When it comes to heroines, Pamela Belle hits the mark (again) with Thomasine Heron from The Moon in the Water. She’s understated but intelligent and very real. However, if we’re talking sheer grit and determination, I can’t go past Angelique de Sancé from the Angelique series I mentioned earlier.
Q: Without spoiling the story for readers, can you share something about your latest romance which is not in the blurb or any available excerpts?
A: I’m in the final draft stages of writing the third and final installment in my Torn/Inviolate series. This one features a character with whom I fell in love before I even began writing. He is daring, quite an adventurer, and very dangerous in a way that none of my other characters have been. His love interest is an unlikely young widow with small children. Sounds a little cliché doesn’t it? I promise you it’s not! This is very different! I’m so excited about this story — I can’t wait for it to hit the shelves. Unfortunately my publicist won’t even let me reveal the title yet — even that has me squirming with excitement!
Q: If you could have dinner with one romance author, who would you pick?
A: Ha that’s easy: Pamela Belle. I would sit directly opposite her and beg that she resume her writing career. To my mind, a writer as gifted as she, has no right to retirement!
Q: Where is your favorite place to read romance novels?
A: In my garden on a warm sunny day with the sound of birds singing in the background. Failing a warm sunny day, a cool winter’s day will do just as nicely provided I have a comfy couch, a rug and one of my cats to snuggle with.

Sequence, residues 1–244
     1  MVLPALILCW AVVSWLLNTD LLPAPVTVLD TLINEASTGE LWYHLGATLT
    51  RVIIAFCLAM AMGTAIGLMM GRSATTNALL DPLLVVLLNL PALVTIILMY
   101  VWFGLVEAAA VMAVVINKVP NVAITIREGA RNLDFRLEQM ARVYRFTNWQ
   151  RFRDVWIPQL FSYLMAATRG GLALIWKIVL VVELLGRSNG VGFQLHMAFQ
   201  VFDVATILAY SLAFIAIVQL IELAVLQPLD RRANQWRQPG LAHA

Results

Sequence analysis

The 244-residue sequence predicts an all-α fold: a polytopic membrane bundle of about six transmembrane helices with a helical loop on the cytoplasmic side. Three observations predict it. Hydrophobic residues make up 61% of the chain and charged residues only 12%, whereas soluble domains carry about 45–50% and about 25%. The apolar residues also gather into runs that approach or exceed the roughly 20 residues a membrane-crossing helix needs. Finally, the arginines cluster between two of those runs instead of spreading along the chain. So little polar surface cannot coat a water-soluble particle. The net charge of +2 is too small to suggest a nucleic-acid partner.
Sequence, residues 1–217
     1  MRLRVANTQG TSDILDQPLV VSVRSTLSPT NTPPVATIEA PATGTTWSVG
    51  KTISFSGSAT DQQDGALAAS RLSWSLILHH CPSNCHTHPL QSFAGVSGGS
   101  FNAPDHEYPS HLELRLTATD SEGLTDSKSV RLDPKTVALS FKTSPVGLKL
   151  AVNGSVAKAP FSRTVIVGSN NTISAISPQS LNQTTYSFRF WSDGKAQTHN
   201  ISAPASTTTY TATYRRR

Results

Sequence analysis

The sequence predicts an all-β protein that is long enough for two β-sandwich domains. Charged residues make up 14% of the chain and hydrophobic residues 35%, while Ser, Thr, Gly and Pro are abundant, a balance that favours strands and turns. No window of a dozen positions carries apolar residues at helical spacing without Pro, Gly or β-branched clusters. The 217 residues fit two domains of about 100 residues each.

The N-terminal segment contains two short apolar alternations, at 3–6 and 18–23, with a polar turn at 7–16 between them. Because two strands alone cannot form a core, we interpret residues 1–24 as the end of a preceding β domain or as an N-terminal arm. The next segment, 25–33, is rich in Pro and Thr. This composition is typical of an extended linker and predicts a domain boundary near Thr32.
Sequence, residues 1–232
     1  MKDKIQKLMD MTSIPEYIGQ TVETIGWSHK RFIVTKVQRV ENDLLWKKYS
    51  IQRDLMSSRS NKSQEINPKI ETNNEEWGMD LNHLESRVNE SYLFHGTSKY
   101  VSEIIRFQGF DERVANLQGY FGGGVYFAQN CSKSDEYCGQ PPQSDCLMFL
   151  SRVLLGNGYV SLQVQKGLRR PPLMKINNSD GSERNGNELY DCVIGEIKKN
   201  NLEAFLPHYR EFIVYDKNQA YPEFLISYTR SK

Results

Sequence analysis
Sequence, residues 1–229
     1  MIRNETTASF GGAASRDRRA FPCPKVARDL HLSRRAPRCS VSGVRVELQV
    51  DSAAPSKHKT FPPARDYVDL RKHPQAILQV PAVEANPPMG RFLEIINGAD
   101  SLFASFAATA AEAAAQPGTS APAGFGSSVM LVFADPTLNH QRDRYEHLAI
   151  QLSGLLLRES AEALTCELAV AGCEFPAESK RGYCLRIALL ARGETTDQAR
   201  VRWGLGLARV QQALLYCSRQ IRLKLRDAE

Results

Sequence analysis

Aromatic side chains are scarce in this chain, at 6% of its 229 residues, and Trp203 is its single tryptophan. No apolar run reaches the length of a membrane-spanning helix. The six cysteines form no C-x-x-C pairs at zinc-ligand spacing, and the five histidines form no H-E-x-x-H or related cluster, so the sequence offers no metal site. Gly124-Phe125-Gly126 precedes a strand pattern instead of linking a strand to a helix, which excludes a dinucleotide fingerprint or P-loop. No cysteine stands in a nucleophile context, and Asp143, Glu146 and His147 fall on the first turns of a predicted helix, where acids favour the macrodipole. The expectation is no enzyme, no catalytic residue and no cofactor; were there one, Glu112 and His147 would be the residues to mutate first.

Q: Where is your favorite place to write?
A: My favourite place to write is my home office. It looks out over my garden and I love to watch the birds flitting about and the bees buzzing in my flowers. I need to make sure there is nothing to disturb me: no housework, washing or food to prepare, then I put on some mood music (depending on the scene I’m writing) make a cup of tea and get started. I bring my cats’ beds into my office and they sleep on the floor beside me and we will stay there all day. The time flies past so quickly while I’m buried deep in Regency England that I’m often surprised when my husband arrives home from work at the end of the day.
Q: Do you have scheduled times to write, or just when you are inspired?
A: There is no scheduled time, but I must ensure I have cleared my decks — that means making sure there are no other matters to be dealt with, no outstanding housework, no visitors or errands to be run. Besides writing novels, I write financial articles for various industry publications. Writing romance novels is what I love to do most, but to be able to completely immerse myself in my characters’ world I must have no outstanding deadlines with my other writing commitments. All my articles must be up to date. That is the only way I can surrender to my first love.
Q: How long does it take to write a romance novel?